Scafell (2013) – shortly after the first ascent of Thy Will be Done (E8 6c).
© Matheson collection.

What is the most memorable route you have climbed together?

Eliminate A (VS) on Dow Crag. We soloed the route together in 1999 and I have strong memories of the delicate rightward traverse moves above the big roof on pitch 5. I remember climbing along just behind my dad as he pointed out the holds and the sequence. I wasn't concerned about the situation we were in, 50m above the ground: 'Dad said it would be ok'. Total trust. I'm sure I'd have a few heart flutters if I did it today!

Sum up your partnership in three words?

Never give up.

What's the most scared you've been when climbing together?

Probably hanging on an abseil rope watching my dad lead Camouflage (E7 6b) at Cam Crag through a camera lens - hoping he didn't disappear out of shot! I think being detached from the situation was worse than actually belaying.

Rob Matheson on Camouflage E7 6b.  © Rob Matheson
Rob Matheson on Camouflage E7 6b.
© Rob Matheson

The pathetic skyhook, blu-tacked and taped to the rock on lead.   © Rob Matheson
The pathetic skyhook, blu-tacked and taped to the rock on lead.
© Rob Matheson

If you could change one thing about Rob what would it be?

I'd like to say his attention when belaying, but I could be being a bit hypocritical here! I think coming from the 'leader never falls' generation he sometimes forgets that I might be off at any second. A quick glance down often reveals coffee and sandwiches have taken priority.

Any climbing plans for the future?

Obviously – but I can't give any specific details, it's all top secret here in the Lakes.

What's the least enjoyable route you have done with Rob?

Probably anything at Tremadog. I just don't seem to be able to enjoy the climbing there.

Rob Matheson (L), John Eastham, (C) and Ed Cleasby (R) in 1976.   © Photo – Matheson collection.
Rob Matheson (L), John Eastham, (C) and Ed Cleasby (R) in 1976.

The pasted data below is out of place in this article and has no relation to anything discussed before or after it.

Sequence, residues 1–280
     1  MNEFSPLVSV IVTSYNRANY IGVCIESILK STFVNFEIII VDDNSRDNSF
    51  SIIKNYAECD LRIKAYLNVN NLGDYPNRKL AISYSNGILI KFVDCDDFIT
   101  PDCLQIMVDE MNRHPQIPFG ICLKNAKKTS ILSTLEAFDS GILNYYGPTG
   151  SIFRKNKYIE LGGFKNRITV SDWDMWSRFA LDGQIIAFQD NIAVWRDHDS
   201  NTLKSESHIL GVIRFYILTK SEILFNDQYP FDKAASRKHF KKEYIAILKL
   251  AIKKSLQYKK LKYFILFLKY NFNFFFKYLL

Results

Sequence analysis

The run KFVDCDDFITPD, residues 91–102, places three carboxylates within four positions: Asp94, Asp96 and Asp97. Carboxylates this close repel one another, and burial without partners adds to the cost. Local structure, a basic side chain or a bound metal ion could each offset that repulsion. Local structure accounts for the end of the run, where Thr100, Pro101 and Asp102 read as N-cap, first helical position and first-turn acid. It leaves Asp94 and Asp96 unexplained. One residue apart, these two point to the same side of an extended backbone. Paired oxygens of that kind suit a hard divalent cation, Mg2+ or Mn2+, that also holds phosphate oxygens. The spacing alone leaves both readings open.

© Photo – Matheson collection.

Has Rob cheated on you and climbed a route you really wanted to do together with someone else?

No. But if you get a chance to do a route then you should do it (regardless of who it's with). Very often you don't get second chances to do some classic lines, particularly on mountain routes where weather/conditions are huge factors. A good climbing partner knows this and should accept they just weren't there at the time.

What have you learned from climbing with Rob?

Climb on your feet and there's always an easier way.

Like the sound of the Lakes? If so, get involved with the 2019 Arc'teryx Lakeland Revival...

The Arc'teryx Lakeland Revival aims to celebrate the climbing in the area and encourage everyone of all abilities to get out trad climbing in these beautiful mountains. Now in its sixth year we have another selection of suggested routes for you to get your teeth stuck into.

The idea is very simple, Fell & Rock Climbing Club have put together a list of suggested routes. If you climb one of these and document it, in exchange one of our retailers will reward you with a free goodie.

Find out more

Craig Matheson is sponsored by: Ocun


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Really enjoyed this one! Beyond having heard their names I knew very little about the Mathesons... now I know a bit more

4 Jul

Great article due to excellent subject matter! I learned something as well, that I've done all the Lakes routes (bar the hardest) attributed to Rob in this article but didn't know they were his (to my shame). They are all glorious outings. I love the banter on the YouTube videos and the lo-fi way they are shot. That's mainly due to these two having to get out and line the camera up and leave it running while Rob belays. You should check them out as the banter confirms all that they've said about each other here. The thing about the trainers is true as well. There was a 7b+ at Kendal that Craig did in his trainers this winter. I'd done it lots of times so the next week I thought I'd give it a go, in trainers... I did manage it but unlike Craig, who that day went on to climb many more routes I had to go and have a lie down in a darkened room 😀

4 Jul

I've met Craig a couple of times in the last few years. He seemed unfeasibly psyched for someone with two small kids. I couldn't fathom how he had the energy and determination. I was left thinking he was definitely someone I'd want on the other end of the rope if I were in a spot of bother. One of the good guys. 🙂

5 Jul

Such a family team psyche, I wish Rob was my dad! E7 when 70, right on! So good. I bet none of their routes are soft touch either. I love the picture of Craig in their garden expedition, says it all